A recently launched programme — funded by the European Union (EU) — to support countries in central Asia on COVID-19 and on routine immunization is making strides in Tajikistan. Members of an EU delegation, along with representatives from WHO and the country’s Ministry of Health, visited vaccine warehouses and an immunization point in the country, and discussed how the programme to modernize the surveillance and promotion of immunization in the region is taking shape.
In Tajikistan, the vast majority of the population has been vaccinated against COVID-19, protecting them from serious illness. Furthermore, 3 additional vaccines have been introduced into the national immunization schedule over the last 5 years, which will contribute to a significant reduction in the incidence of life-threatening illnesses, such as pneumonia and meningitis. Despite these major achievements, there is still a need to further strengthen the country’s routine immunization system.
Building a resilient immunization system is complex, and multidisciplinary technical expertise is needed. For example, ensuring the safety and effectiveness of vaccines requires adherence to diligent processes and a strict cold chain. In Tajikistan this means making sure strict procedures and guidelines are followed from the moment a vaccine arrives in the country until it has been administered.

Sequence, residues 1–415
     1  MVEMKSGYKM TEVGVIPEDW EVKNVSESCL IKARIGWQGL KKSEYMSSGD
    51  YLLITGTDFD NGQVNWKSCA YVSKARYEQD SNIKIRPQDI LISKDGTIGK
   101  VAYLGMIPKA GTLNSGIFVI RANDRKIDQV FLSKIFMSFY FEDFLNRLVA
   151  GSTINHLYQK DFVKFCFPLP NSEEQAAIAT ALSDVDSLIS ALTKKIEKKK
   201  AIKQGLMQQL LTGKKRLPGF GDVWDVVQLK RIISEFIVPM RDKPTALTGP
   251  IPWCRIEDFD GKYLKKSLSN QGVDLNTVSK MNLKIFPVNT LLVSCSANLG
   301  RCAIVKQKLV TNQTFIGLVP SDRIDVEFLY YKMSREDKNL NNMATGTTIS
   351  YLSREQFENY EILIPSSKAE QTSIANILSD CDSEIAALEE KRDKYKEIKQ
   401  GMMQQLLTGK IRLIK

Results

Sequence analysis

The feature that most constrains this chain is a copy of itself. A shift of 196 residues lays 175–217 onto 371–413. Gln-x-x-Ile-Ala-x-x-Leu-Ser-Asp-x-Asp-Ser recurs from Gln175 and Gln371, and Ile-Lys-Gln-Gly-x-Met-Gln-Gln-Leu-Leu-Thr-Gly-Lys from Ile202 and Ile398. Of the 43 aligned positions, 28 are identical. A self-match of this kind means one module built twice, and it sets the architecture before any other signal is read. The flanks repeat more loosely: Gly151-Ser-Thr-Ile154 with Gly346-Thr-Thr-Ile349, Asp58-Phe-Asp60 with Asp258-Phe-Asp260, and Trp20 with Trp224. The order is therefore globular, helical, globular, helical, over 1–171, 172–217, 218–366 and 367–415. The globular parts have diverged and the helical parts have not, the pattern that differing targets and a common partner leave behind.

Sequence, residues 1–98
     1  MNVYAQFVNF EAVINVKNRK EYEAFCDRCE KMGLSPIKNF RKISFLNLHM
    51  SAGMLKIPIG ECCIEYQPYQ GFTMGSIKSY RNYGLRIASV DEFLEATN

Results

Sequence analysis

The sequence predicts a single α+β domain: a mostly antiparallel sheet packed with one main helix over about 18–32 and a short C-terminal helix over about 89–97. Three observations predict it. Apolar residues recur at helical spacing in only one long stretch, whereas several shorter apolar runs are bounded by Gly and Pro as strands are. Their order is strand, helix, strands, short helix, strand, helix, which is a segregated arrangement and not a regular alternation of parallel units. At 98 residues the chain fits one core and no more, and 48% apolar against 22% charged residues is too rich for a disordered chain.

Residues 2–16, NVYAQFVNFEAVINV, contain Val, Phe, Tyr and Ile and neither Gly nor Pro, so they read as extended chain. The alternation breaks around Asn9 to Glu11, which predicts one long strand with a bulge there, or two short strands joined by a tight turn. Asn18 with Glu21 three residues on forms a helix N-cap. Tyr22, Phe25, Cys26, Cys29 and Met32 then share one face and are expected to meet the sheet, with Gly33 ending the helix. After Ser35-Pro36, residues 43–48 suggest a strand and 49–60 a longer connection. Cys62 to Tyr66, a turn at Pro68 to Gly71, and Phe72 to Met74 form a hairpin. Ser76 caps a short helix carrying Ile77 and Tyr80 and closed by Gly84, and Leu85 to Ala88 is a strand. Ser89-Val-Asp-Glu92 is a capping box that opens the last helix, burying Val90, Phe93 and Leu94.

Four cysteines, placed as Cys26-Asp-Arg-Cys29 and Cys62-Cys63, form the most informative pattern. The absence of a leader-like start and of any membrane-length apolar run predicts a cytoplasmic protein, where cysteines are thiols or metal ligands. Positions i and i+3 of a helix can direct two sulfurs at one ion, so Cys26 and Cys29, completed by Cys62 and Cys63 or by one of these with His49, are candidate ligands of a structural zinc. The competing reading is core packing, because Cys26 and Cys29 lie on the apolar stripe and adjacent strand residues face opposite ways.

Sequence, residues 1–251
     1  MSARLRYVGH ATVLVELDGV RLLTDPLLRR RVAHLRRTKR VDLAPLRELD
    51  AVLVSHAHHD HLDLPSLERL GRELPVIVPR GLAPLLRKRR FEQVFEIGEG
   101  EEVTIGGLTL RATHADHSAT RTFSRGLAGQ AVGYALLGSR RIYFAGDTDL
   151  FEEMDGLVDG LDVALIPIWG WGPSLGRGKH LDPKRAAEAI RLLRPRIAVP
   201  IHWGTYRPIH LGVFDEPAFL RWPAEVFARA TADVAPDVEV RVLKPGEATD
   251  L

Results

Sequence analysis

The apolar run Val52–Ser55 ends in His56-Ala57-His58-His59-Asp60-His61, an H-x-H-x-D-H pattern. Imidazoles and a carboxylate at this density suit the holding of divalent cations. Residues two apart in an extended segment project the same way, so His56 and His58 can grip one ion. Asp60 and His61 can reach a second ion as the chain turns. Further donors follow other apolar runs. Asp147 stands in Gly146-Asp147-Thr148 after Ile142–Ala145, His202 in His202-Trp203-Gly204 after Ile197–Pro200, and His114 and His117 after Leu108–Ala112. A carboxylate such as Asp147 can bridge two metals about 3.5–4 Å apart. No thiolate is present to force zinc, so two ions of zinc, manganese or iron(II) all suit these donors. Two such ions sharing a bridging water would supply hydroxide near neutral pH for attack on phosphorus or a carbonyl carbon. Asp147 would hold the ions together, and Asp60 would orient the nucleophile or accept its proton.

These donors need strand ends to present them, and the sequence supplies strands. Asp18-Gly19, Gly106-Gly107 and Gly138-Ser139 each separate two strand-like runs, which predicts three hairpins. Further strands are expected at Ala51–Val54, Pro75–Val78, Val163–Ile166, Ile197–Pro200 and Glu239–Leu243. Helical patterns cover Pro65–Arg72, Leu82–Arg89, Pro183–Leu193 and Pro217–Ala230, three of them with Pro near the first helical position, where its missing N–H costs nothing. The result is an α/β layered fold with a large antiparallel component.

National immunization schedule
To demonstrate the complexity and thoroughness of the immunization system in Tajikistan, the visit started at the national vaccine warehouse, where vaccines are stored upon arrival in the country. Conditions such as temperature and humidity are continuously monitored at this facility. The vaccines are handled with care from the time they are sent to regional and district warehouses, until their arrival at an immunization point such as a primary health care facility, from where trained health workers immunize the population.
The delegation visited one of these immunization points in Khuroson district, where, almost every morning, parents bring their children to make sure they receive the vaccinations they need according to the national immunization schedule, to protect them from preventable diseases.
“Vaccines save lives every day. This is why the European Union supports Tajikistan to further strengthen immunization. With the technical expertise of WHO, we are confident this new programme will achieve better health for all people in Tajikistan,” said Marc Buchmann, Head of Cooperation, European Union Delegation to Tajikistan.
Digitizing the system
The visit was organized as part of a 4-year EU-funded project in 5 countries of central Asia — Kazakhstan, Kyrgyzstan, Tajikistan, Turkmenistan and Uzbekistan — to mitigate the impact of the COVID-19 pandemic and reinforce the resilience of health systems. Immunization plays a pivotal role in this regard. By supporting central Asian countries to promote and deliver vaccines safely to the population, infectious diseases can be prevented and controlled more effectively.
The EU is investing €10 million into central Asia’s immunization and health information systems — further modernizing them through digitalization and improving the availability of good-quality data, which is crucial to ensuring high immunization coverage at all times, leaving no one behind.